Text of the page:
According to human rights medics who managed to visit him yesterday, his bed in the cell is crawling with bedbugs that bite him and torture him. He is especially sensitive to them and sleeps on the floor to try to avoid them. After refusing bail, the female judge in the courtroom said to the Sheikh, “There is a buzzer in your room that you can press whenever you feel in danger.” I learned later that this buzzer is near the toilet and not handy. It’s as if one who falls or is about to faint or enter a coma would know in advance when that is going to happen and then take hours or days crawling to get to the buzzer for aid. This is a disregard of human souls. Even though the cells are watched on camera all the time, prison administrators don’t care if a prisoner dies or not.

To go back to the subject of the courtroom. The situation was very difficult. When I stood up to address the Sheikh, his legs cramped and he raised up his head, which toppled his chair backwards and him along with it. It was a horrifying scene. In my whole life I have never seen such a thing or bemoaned him like this; I never feared for the Sheikh as much as I did yesterday. His fall led to his fainting again and they wheeled him out and the trial ended like this. I remained in the courthouse for an hour and a half, as I was told, lying distraught on the floor with them trying to revive me with artificial respiration. They did not call an ambulance to take me to the hospital. They waited and coordinated with a Palestinian ambulance, and I was taken to hospital where I went through a battery of examinations. I was told that I had a nervous breakdown and a mild stroke. I don’t care what my medical state is like. Once I eat and drink, my health comes back. But I return to the fear and pain we live in. The Sheikh is being between martyrdom and martyrdom at any moment. Every ring of the phone is anxiety provoking; every piece of news is anxiety provoking.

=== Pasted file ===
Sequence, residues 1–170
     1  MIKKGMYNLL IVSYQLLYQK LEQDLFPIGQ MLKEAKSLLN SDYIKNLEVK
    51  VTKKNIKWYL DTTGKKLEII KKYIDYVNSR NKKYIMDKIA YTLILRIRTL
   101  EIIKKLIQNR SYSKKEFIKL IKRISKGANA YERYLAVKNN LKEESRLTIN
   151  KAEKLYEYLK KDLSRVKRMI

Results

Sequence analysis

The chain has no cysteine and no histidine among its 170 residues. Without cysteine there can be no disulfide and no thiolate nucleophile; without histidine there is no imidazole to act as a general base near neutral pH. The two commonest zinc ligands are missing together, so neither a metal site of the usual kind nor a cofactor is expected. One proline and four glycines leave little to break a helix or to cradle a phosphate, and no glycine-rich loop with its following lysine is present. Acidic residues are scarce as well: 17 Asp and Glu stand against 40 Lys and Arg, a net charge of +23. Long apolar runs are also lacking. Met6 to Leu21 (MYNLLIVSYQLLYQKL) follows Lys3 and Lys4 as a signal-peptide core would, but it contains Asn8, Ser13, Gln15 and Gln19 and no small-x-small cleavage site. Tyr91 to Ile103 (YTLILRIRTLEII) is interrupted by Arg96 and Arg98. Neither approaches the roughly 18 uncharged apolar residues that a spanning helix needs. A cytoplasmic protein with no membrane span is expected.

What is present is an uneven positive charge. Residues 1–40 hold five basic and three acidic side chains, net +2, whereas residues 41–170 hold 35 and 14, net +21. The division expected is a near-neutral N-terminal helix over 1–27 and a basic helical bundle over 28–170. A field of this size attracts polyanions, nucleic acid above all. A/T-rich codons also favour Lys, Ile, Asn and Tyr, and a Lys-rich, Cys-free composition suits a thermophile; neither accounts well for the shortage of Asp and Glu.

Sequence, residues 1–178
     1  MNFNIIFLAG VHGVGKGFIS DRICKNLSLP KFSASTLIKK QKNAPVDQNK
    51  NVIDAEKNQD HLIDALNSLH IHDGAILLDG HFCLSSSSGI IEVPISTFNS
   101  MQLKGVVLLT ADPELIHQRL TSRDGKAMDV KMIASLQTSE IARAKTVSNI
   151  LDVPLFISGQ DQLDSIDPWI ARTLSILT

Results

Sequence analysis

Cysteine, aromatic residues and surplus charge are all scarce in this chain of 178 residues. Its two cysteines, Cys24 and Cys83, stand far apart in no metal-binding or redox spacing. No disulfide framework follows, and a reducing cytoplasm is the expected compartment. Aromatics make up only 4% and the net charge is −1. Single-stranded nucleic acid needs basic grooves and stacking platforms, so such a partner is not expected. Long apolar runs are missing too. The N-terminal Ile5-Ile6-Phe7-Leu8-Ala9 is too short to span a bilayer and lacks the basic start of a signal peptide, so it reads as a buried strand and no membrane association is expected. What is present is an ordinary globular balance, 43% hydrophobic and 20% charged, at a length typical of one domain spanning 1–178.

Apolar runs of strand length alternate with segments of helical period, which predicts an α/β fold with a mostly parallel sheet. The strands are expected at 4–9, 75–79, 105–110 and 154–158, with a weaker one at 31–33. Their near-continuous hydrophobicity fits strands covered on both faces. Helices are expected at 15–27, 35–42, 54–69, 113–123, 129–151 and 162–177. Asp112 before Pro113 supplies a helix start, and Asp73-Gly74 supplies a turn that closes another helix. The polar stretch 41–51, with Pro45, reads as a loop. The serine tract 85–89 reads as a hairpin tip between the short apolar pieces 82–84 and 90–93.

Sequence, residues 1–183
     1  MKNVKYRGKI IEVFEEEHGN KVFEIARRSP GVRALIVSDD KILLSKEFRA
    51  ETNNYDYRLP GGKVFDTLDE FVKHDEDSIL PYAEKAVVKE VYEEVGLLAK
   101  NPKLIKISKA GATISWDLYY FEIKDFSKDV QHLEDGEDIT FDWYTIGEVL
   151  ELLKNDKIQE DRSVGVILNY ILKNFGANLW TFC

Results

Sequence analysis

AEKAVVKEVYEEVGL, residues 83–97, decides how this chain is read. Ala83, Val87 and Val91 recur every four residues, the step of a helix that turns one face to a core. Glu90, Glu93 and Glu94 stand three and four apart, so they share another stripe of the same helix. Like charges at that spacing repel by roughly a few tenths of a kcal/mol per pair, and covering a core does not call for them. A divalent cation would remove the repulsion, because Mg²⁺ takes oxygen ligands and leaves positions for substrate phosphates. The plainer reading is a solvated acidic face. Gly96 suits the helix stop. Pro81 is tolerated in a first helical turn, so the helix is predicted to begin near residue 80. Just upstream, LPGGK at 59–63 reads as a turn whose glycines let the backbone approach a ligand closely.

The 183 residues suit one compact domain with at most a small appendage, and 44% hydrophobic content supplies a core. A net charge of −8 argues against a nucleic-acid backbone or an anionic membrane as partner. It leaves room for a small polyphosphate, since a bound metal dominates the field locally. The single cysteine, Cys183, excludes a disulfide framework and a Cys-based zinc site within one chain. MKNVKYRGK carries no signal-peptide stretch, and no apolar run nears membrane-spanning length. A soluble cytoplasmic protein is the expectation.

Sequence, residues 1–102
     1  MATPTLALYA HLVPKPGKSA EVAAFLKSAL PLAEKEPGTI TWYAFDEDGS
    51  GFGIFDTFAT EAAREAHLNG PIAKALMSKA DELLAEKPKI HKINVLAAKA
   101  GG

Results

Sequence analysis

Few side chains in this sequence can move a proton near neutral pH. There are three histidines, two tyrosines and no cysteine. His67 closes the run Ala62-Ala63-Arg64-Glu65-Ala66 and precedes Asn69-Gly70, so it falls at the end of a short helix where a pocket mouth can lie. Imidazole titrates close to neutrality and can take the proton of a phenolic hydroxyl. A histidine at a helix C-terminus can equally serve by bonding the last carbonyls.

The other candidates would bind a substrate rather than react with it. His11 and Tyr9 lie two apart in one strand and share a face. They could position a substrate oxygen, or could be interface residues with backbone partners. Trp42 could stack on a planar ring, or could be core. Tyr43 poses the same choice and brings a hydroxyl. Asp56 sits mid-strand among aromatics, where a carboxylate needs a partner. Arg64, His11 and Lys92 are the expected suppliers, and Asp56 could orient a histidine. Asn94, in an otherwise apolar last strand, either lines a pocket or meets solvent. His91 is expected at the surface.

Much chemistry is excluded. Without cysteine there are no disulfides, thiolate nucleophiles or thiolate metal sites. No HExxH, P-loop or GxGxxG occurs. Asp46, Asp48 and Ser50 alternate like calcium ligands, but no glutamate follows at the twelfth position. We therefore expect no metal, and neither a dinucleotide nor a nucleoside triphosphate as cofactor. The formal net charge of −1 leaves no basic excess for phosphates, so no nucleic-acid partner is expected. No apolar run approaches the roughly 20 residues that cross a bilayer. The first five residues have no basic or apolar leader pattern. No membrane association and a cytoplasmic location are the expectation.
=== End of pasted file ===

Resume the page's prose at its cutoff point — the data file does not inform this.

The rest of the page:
What does the occupation want of Khader? I expect they want him dead. The Israeli intelligence officer who came to arrest him said to me, “Do you think I am happy to come here to arrest him? My devout wish is to shatter his head with a bullet, because he can move a country with one wag of his finger.” The officer referred to how much trouble Khader was giving them. To the children, he said, “The Sheikh declares openly that he deals with blood, and he inspires youth to commit acts of resistance within Israel.” He said this to the children who were present in the room where they arrested Khader. How do you imagine a mother feels that her children are hearing such things about their father? Do you expect an occupation to care for the medical condition of the Sheikh who is now in their hands, who has been on hunger strike for 79 days and who is now collapsing in fainting fits? They won’t. But they will never break our resolve and sumoud (steadfastness). The Sheikh believes the occupation can and will be defeated, despite the imbalance of power. Don’t let anyone tell you different.

Note: First published on Medium
Rima Najjar is a Palestinian whose father’s side of the family comes from the forcibly depopulated village of Lifta on the western outskirts of Jerusalem and whose mother’s side of the family is from Ijzim, south of Haifa. She is an activist, researcher and retired professor of English literature, Al-Quds University, occupied West Bank